Thursday, August 6, 2015

Going to church: the amazingly well-preserved Old Broad Street Presbyterian

I've long been of the mind that keeping a historic building in continuous use is the best way to keep it from deteriorating. An impressive structure on West Broad Street in Bridgeton proves that sometimes, the direct opposite is true.

Standing on a full city block along the main road, surrounded by scattered gravestones from the late 18th century to the present, the Old Broad Street Church owes a good part of its fine condition to the fact that it was largely abandoned in 1836, just over 40 years after it was built. According to the church's website, it may be the most pristine example of Georgian high ecclesiastical architecture surviving in the thirteen original states.

We visited on a recent Sunday afternoon, when the congregation generously opened the doors to a curious public. From the outside, the two-story brick building appears both stately and simple, designed in the manner of the Philadelphia churches of the day. Doors on three sides of the rectangular church welcome visitors; curiously, the only side without a door is the one that faces the road. One of the side doors was open, and as we walked past, I noticed what appeared to be a metal beam running from a metal box diagonally up to the ceiling. Was this some sort of reinforcement, added during a restoration attempt? Hopefully we'd find out.

A bit of neck strain for the folks in the expensive
seats? Photo courtesy Library of Congress. 
Walking inside, we were welcomed by a member of the friends organization, who gave us a brief history of the church, the first Christian congregation organized in Bridgeton. Its original members had been worshiping at far-flung churches and wanted their own meeting place in the growing town. By 1795, they had their own church, complete with box-style pews. The more prosperous congregants usually purchased pews closest to the front of the church, but as our hostess observed, prominence may have come with a cost. Sitting so close to the elevated pulpit, the rich folk had to strain their necks to see the minister in his elevated pulpit. Meanwhile, the view from the back pews was just fine.
 
The building's simplicity reminded me of a lot of Colonial-era Presbyterian churches I've visited, but unlike those, I could easily imagine early Americans sitting in Old Broad's pews to worship. Instead of wood floors, this church had brick, and the white paint on the pews both looked and felt sturdier -- more durable -- than what you usually see in a building that's been converted to central heating. The only concession to weather extremes is that curious metal contraption I'd noticed earlier, a two-stove and piping system constructed at nearby Atsion and installed in 1809. No other modernization has been done to the building since then: no plumbing, no electrical work, no mechanical systems.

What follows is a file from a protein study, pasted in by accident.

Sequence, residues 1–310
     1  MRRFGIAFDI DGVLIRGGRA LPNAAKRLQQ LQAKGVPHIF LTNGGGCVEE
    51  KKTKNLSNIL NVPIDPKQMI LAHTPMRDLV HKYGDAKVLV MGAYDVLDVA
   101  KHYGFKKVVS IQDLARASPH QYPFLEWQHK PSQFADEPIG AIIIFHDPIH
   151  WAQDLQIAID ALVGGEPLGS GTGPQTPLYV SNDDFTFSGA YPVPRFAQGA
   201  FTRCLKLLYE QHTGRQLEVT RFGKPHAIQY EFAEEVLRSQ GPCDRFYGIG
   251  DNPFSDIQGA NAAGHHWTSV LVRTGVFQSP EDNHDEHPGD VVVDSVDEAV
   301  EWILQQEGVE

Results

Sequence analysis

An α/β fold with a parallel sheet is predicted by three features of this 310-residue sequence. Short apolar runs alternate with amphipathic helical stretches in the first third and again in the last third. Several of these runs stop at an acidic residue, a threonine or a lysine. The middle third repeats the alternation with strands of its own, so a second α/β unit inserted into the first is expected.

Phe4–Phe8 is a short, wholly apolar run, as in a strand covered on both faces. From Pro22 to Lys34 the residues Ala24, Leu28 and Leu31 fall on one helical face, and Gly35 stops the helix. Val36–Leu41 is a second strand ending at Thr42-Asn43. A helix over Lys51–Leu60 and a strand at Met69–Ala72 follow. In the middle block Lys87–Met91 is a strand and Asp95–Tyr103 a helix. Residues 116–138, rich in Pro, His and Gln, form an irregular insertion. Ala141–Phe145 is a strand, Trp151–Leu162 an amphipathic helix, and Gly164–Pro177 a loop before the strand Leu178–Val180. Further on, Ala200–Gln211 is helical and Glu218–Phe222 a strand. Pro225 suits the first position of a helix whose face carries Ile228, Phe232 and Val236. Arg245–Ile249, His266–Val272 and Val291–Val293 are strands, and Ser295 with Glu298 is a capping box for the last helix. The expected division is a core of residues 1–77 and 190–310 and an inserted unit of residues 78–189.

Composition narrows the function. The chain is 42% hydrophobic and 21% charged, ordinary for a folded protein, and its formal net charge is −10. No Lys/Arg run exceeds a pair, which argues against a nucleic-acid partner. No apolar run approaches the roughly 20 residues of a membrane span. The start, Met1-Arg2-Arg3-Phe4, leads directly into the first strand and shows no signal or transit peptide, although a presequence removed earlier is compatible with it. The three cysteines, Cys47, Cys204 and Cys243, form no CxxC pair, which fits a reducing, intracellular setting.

This plaster medallion adorns the center of the ceiling.
It's a wonder the ornate plaster ceiling details have lasted so long, given the lack of climate control. That said, the absence of complications like plumbing and a constantly-working furnace may be what saved it. Uneven heating and leaky pipes have been the downfall of countless neglected historic structures.

As our hostess shared the history of the congregation, another docent told us we absolutely had to check out the balcony level, especially the east side. Religion had been part of the curriculum at the local school in the early 1800s, so students were brought to the church for instruction. Separated by gender, the girls sat in the western balcony, the boys opposite. How can we know for sure? The wood of the western pews is pristine, while those on the east are marked with carved initials and names. Come to your own conclusion.

So why was the church abandoned so early in its history? The growing city's population shifted eastward in the early 19th century, and Presbyterians understandably wanted to worship closer to home. They built a new church on the east side of town and left Old Broad Street. As will happen over time, the congregation has seen splits and mergers over its 230 plus year history, but they haven't forgotten their roots. Family plots in Old Broad Street's sizeable churchyard still take in new burials, adding to more than 10,000 graves that include resting spots of several members of Congress, New Jersey Governor Elias Seeley and a good number of veterans of the American Revolution and the Civil War.

The living are welcome, too, just a little less often. The doors of Old Broad Street open for worship during August and a special service on Thanksgiving Day. And if you're lucky, as we were, you'll happen by when they're having an open house. Between the truly striking architecture and the welcoming spirit of the church's friends and congregants, you'll be glad you stopped by.


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